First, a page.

Bittercresses – Cardamine SPP.: Edible & Medicinal Uses of the Pepper Root of Wild Plants

Table of Contents

Bittercresses are in the mustard family and include toothworts. The Latin name “kardamine” means water or pepper grass. The folk name “pepper root” tells what this edible wild plant tastes like.

Bittercresses (cardamine SPP.) like the twoleaf toothwort in our pictures here (cardamine diphylla syn. dentaria diphylla) are related to mustard. Dentaria diphylla is the outdated Latin name used in Haliburton Flora for twoleaf, which lists it as uncommon. Twoleaf I have found in damp to wet mixed woods. The largest patch I’ve found was near a huge patch of wood nettle, which likes the same environment.

Cut-leaved toothwort (cardamine concatenata) and sand bittercress (cardamine parviflora) are other local natives, but they’re rarely spotted here.

Bitter cress (cardamine pensylvanica) is listed as common here in Haliburton Flora and also likes wet places in the woods. Strangely there are no sightings for Haliburton county on iNaturalist? Curious! It is the most popular to eat.

Bittercresses - Cardamine SPP.
Bittercresses – Cardamine SPP. Pictured here cardamine diphylla syn. dentaria diphylla.

The highly invasive garlic mustard is a related look-a-like. I’ve spotted a patch in Kinmount and one in Wilberforce and I’m sure there are more out there spreading. There’s currently a debate about whether you can out eat it or if harvesting/trying to pull it out actually encourages further growth. It’s certainly not one to plant as it will seriously damage the food web in the area it’s let loose on. If you find a small patch, it’s worth a try to completely dig up I’d say. I’m not sure what the current information on managing large areas of it is.

Oh, it’s not just the plants around this nonnative that suffer. The West Virginia white butterfly (pieris virginiensis) uses two-leaved toothwort as its host plant, but this poor butterfly keeps mistaking garlic mustard for it. The butterfly lays its eggs on the doppelganger, but the larvae cannot eat the foreign garlic mustard as a food source and die as a result. Yikes!

Edible Uses of Bittercresses

All bittercresses are edible, although some are tastier than others. All the above ground parts are edible and if they weren’t buried in snow in February we might still be able to harvest it! The greens can be eaten raw or as a potherb, and like their Latin name suggests they generally have a peppery flavor.

Pods of some species are ground and mixed with vinegar to make a substitute for horseradish or mustard. Bitter cress (cardamine pensylvanica) is popular for this, but toothwort can be used too. When using toothwort, make sure it’s abundant in the area you’re harvesting from so the Virginia white butterflies have their host plant and it can continue to thrive!

Rich in vitamin C.

Medicinal Uses of Bittercresses

Bittercress is primarily said to support these body systems:

  • X

Medicinal tags include Astringent. See Medicinal tag key for more information.

I might assume with the mention of “tooth” wort (literally root), some may have hoped this is a herb for dental issues, but the name is after the root being toothed according to a very reliable source. On the internet there are all sorts of stories contrary to this, meh, there’s some truth to it because doctrine of signature sorts did catch onto its toothy look, but it was already called toothwort. For those disappointed by its lack of effect for teeth or toothaches, good news – there are dental herbs out there!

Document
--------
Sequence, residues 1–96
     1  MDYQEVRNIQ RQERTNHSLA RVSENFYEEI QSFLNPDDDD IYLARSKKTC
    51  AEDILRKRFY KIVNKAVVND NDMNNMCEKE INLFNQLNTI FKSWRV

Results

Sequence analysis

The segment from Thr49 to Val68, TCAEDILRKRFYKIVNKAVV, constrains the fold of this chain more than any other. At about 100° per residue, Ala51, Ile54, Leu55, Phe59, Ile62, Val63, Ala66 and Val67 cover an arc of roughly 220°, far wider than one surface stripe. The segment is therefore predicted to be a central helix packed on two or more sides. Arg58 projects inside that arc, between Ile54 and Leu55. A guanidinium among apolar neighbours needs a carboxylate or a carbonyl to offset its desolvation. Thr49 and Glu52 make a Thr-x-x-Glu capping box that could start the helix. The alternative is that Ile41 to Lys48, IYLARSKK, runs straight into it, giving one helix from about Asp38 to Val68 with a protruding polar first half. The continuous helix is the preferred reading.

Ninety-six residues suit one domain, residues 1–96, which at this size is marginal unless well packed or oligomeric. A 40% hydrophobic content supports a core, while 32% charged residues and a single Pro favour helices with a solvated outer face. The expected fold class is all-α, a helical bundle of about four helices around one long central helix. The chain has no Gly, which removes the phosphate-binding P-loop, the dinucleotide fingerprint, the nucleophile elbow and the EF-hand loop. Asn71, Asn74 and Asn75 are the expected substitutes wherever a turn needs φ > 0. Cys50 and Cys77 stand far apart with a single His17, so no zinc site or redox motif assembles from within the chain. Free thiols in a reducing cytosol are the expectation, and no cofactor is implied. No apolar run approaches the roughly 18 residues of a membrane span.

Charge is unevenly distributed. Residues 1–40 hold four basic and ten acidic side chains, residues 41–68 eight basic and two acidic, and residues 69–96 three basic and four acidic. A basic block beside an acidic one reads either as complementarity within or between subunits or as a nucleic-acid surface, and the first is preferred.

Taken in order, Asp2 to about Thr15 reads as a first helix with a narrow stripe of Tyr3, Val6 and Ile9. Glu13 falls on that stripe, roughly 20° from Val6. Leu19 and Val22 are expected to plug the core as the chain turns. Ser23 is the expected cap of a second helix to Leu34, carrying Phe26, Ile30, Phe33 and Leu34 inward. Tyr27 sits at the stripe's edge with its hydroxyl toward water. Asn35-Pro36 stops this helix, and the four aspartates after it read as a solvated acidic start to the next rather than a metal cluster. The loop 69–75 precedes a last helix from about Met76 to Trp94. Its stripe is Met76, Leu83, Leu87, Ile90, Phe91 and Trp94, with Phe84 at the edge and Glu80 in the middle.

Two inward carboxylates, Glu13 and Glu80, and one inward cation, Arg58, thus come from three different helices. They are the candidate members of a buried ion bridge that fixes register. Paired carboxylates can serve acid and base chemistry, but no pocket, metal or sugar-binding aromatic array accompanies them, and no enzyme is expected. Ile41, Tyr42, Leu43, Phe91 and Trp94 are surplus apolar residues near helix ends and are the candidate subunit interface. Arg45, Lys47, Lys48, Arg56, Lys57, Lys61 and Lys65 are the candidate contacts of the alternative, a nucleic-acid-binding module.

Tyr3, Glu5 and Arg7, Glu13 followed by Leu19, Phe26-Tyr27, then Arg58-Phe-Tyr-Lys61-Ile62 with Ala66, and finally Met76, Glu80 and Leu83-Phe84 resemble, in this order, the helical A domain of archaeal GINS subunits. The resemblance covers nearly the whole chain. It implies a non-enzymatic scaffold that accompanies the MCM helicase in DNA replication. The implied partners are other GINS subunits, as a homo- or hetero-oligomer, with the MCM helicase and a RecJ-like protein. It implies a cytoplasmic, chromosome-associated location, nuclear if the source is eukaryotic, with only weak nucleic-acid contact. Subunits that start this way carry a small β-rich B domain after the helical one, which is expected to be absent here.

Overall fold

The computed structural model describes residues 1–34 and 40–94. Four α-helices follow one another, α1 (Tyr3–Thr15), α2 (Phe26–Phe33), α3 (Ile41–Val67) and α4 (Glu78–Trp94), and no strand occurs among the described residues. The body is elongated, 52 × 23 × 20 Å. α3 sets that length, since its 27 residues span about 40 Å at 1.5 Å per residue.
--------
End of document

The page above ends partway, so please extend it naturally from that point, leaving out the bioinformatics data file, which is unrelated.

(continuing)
Growing Cardamine SPP.

The beautiful cut leaved toothwort (dentaria laciniata syn cardamine concatenata) made it into one of my favourite book purchases from the last year, 100 Easy-to-Grow Native Plants (link in references below!) If you have moist rich woods she recommends planting it with trout lily which is also a spring ephemeral, and with ferns which will grow over them after spring and fill out the area until winter. You can sow fresh seeds or divide the roots easily. There are various pollinators that will feed on toothwort, but one I noticed in the area that seemed to stay – at least I saw one every hike back to my best toothwort spot of 2021 – was a mustard white! Here is a picture I took of this butterfly checking out another spring ephemeral, spring beauty:

Mustard White Butterfly


And the Usual Cautions:

1) Most medicinal herbs, if edible, are meant to be eaten in moderation, even sparingly. Some require extra preparation. Tannins are toxic if consumed in excess.

2) People can be allergic or sensitive to nearly any plant; try new herbs one at a time at your own risk. For instance, saponins commonly cause stomach upset.

3) For medicinal use, I must recommend receiving a diagnosis and working with a reputed health care provider. I generally do not post specific treatments and dosages because I think that is best between you and your health care provider, and ideally monitored.

4) Anyone pregnant, nursing, or taking prescription drugs should talk to a health care professional before adding new food items to their diet.

5) Many plants have look-a-likes, and sometimes they are poisonous.

#ads in References

As an Amazon Associate I earn from qualifying purchases. Every book I reference that is available on Amazon is linked to with an associates link.



Edible and Medicinal Plants of Canada

The Forager’s Harvest: A Guide to Identifying, Harvesting, and Preparing Edible Wild Plants

100 Easy-to-Grow Native Plants for Canadian Gardens

Please Like, Comment, Share! We'd love to hear your stories and knowledge! Thank you!

Leave a Comment